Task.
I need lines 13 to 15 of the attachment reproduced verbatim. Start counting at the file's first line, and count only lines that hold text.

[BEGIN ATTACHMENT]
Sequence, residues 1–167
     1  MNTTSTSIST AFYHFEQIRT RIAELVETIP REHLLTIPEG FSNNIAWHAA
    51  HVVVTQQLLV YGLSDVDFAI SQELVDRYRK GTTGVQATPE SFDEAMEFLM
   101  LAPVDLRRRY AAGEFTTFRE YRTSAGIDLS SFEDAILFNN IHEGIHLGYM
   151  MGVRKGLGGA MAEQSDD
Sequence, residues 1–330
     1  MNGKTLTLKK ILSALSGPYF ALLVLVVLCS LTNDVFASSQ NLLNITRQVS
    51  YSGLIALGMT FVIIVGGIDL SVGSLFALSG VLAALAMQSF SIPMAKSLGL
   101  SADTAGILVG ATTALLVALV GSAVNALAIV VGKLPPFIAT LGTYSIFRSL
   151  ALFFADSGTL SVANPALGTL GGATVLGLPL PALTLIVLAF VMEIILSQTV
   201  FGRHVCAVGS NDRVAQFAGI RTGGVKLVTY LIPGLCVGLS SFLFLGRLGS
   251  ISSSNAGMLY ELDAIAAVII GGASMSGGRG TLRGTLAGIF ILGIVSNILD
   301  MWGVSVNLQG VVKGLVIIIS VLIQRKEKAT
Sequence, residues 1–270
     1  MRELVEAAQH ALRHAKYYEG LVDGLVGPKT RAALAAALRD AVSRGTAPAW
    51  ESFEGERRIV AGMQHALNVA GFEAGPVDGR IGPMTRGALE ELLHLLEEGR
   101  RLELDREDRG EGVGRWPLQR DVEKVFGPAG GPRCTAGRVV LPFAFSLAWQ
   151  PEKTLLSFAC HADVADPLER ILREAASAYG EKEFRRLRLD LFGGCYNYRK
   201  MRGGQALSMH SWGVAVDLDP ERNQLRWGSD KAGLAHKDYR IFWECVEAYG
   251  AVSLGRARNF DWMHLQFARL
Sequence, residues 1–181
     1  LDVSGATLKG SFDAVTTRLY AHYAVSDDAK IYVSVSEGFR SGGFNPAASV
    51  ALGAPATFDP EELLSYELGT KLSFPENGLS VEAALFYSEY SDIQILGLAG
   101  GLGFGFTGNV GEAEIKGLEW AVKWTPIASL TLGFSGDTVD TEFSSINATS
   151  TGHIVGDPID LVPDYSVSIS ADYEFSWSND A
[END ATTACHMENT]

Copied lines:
   301  MWGVSVNLQG VVKGLVIIIS VLIQRKEKAT
Sequence, residues 1–270
     1  MRELVEAAQH ALRHAKYYEG LVDGLVGPKT RAALAAALRD AVSRGTAPAW